Why Charging $20 to Rent a Movie is Ludicrous

Efrain Aguirre, Arts & Entertainment Editor

Due to the shut down of theaters across the country, movie studios have shifted release dates for new films and some are offering their new releases for digital rent. The problem is, some new films have up to a $20 rental fee. 

Trolls World Tour is the most recent release to be released for rent on video on demand, available on Amazon, Apple, Vudu, and cable services. Across all of these platforms the rental agreement is similar. You have 30 days to watch your movie and a 24-48 rental period once you have started it.  According to Apple TV guidelines, once you pay for a movie “ you can download this rental on one device and play it on another. This rental does not include iTunes Extras, which are only available with purchased HD movies.”

On the surface this seems like a good deal, but when we look back back to the stone age of Blockbuster, the cost to rent a movie for a night was anywhere from $2-$3 with .99 cents late fee. Redbox charges only $2 for an overnight rental. These cheap prices work great for renting because it allows you to view a new movie without the commitment of owning it outright.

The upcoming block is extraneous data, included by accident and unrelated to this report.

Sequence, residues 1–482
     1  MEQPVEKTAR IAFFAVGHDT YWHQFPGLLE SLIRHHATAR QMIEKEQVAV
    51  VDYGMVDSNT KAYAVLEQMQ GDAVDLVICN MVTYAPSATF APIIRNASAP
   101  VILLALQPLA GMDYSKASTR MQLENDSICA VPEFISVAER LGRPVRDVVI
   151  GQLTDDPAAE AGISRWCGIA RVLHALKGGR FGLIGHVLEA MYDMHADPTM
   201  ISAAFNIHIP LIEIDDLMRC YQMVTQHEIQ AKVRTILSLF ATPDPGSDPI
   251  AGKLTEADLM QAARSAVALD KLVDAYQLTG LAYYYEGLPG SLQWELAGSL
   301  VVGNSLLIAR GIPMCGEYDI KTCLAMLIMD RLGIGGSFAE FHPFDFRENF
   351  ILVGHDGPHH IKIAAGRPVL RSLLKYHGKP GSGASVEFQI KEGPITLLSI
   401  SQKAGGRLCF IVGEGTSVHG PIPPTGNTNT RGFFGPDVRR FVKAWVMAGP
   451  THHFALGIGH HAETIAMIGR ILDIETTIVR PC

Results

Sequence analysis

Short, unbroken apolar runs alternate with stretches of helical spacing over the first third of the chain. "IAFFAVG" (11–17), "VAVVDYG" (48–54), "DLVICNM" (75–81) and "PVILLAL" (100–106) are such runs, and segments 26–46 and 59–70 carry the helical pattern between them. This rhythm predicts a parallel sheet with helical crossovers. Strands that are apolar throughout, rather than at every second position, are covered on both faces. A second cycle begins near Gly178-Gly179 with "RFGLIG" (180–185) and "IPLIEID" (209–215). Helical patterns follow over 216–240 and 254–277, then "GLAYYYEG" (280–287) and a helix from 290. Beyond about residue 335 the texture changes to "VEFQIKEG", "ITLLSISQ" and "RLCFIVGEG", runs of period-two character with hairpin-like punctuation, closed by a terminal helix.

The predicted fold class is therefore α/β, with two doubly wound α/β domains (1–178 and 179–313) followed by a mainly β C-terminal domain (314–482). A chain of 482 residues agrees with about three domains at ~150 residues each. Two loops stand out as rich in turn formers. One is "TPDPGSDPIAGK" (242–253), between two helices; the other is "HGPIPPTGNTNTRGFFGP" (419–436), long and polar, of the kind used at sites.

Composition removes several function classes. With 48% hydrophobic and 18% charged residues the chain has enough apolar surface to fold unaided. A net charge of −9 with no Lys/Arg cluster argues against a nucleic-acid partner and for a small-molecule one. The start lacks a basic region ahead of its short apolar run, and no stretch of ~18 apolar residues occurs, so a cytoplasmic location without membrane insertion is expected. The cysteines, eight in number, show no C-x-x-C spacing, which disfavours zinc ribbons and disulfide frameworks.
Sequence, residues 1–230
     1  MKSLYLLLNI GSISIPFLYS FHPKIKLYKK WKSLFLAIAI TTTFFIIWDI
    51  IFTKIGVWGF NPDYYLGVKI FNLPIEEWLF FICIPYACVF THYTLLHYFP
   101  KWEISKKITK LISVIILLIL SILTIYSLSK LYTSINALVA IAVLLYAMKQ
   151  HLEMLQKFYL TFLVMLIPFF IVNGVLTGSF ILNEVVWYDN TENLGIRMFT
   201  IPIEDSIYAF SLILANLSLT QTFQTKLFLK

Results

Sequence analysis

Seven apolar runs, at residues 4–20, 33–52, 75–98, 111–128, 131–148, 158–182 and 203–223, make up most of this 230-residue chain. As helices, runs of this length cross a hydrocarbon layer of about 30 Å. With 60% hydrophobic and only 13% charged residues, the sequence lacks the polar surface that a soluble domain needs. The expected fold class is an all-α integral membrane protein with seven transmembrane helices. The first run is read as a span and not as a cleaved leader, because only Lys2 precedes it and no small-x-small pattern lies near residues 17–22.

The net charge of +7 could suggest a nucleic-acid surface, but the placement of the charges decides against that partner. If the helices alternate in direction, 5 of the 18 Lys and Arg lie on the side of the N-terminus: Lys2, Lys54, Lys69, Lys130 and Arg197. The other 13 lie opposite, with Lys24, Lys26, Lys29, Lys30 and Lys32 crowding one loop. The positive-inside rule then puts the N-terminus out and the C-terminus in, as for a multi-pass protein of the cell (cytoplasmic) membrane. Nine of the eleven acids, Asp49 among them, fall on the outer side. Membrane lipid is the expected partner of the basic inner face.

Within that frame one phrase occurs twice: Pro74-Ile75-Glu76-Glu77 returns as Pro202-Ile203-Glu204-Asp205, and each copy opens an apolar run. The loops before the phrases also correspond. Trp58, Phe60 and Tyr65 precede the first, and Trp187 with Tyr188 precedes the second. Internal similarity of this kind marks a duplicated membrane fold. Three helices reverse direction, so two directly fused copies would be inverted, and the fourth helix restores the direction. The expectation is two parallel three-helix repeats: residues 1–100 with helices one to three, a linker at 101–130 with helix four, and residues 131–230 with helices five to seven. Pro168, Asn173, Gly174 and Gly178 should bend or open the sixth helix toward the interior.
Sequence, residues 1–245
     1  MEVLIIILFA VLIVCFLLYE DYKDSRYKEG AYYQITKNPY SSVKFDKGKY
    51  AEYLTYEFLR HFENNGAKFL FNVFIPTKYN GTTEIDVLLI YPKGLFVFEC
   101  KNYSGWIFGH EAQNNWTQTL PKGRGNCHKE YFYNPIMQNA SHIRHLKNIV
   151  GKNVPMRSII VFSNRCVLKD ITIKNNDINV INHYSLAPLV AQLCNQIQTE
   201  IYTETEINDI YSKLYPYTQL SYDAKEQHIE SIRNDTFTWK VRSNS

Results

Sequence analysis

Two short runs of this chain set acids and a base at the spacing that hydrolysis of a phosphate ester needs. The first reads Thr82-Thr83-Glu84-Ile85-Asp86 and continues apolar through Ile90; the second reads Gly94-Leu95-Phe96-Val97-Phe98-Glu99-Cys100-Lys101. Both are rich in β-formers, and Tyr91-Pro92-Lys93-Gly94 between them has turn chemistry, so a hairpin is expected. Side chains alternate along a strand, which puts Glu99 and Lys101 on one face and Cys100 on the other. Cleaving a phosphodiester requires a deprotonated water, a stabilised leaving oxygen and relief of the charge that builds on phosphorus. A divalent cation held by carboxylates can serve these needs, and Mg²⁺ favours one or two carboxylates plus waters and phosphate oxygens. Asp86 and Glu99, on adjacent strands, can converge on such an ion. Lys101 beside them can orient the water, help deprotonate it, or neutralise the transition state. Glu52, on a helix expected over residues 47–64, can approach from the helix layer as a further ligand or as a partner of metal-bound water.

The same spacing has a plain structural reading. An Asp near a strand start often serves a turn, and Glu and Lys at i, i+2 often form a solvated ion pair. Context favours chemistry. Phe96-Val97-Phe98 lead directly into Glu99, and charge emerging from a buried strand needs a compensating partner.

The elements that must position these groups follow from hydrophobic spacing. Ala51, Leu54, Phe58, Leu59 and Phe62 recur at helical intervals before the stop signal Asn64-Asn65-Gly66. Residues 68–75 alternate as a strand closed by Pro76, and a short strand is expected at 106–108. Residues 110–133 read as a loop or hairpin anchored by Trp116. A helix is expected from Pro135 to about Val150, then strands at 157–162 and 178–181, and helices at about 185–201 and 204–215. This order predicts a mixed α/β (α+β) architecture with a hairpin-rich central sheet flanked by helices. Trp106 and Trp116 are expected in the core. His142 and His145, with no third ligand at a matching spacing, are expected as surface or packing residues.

Netflix cost $8.99 for the most basic subscription while Hulu’s most basic subscription cost $5.99, so the most basic access to streaming services cost less than a new release from theaters. The truth is, the reason people are willing to pay up to $10 for a ticket to the theater is for the experience. 

Disney made Onward available to buy on video on demand before releasing it on Disney Plus, so it’s more logical to wait for it to be available on Disney Plus then to buy it digitally. All movies are destined to wind up on one streaming service or another, so it seems better to wait. If movie studios are concerned about losing profit, then they should either make their content available to own, or wait to release it until after the coronavirus pandemic has passed.